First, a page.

The 20th National Congress of the Communist Party of China (CPC) was held from 16 to 22 October. The newly elected Central Committee welcomes 114 new members, implying a significant personnel reshuffle across many departments in both Party and State; meanwhile, the Politburo has broken with convention and taken its total number down from 25 to 24, of whom 13 are newly elected members. All new appointees to the Politburo Standing Committee (PSC) are long-standing allies of President Xi Jinping; their close relationships with the Chinese leader were forged over many years of overlapping career paths and shared experience. The composition of the new PSC and wider Politburo is a clear testament to Xi’s reinforced dominance at the heart of the Party.
Li Qiang is expected to be confirmed as China’s next Premier at the National People’s Congress (NPC) in March. He worked under Xi from 2004 to 2007 and has served in key leadership positions in three of China’s most developed provinces: Zhejiang and Jiangsu, as well as Shanghai. Li has extensive experience in managing some of China’s richest and most dynamic provincial economies and has widely been regarded as a capable pro-market and pro-growth politician. However, his reputation has suffered somewhat in recent months, as his handling of the Shanghai lockdown in the spring of this year attracted widespread public criticism.
Under this new leadership team, we can expect to see a continuity of long-term goals and development strategies, with better execution and coordination. President Xi’s Political Report offers a useful insight into the long-term direction of the Party’s strategic priorities. This year’s Political Report has emphasised the central goal of achieving “Chinese-style Modernisation”, with a particular focus on pioneering and sustainable innovation in science and technology, and the reduction of economic inequality through “Common Prosperity”.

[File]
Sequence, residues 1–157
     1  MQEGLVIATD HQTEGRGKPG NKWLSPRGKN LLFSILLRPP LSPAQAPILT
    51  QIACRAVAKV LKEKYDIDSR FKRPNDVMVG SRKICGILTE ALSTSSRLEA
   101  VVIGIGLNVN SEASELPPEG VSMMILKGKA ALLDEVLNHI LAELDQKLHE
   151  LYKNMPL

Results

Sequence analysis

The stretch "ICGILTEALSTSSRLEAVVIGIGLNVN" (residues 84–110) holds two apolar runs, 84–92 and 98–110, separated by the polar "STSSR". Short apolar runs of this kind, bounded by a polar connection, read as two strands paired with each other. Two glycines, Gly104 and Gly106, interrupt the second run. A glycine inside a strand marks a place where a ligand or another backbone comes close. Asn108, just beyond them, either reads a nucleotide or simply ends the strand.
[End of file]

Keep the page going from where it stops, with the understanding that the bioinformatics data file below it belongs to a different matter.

This means that China is shifting its development focus from high-speed to high-quality. The country’s future growth engine will be based on an innovation-driven and resilient real economy. Advanced manufacturing represents a key pillar of this approach towards industrial modernisation. Relevant industries are expected to receive stronger government support. In consumption-related sectors, we expect to see the government continuing to encourage a higher quality and broader variety of goods, in order to satisfy the changing demands of Chinese consumers.
The Political Report also highlights China’s insistence on high-quality opening-up. It implies that China’s overall high-quality development cannot be detached from the importance of foreign investment and access to the global market. To facilitate this, six central government departments and commissions have recently announced policies suggesting that China may soon lower the entry barriers for top executives and engineers of foreign corporations, as well as their dependants.
The overarching rhetoric of the Political Report is mostly optimistic on the subjects of multilateralism and international cooperation. However, the international situation still poses a number of challenges, both for China’s diplomatic relations with the West, and for foreign businesses operating in China. Foreign companies should remain keenly aware of the government’s position on sensitive issues and pay attention to societal perceptions that may inadvertently impact their business operations.
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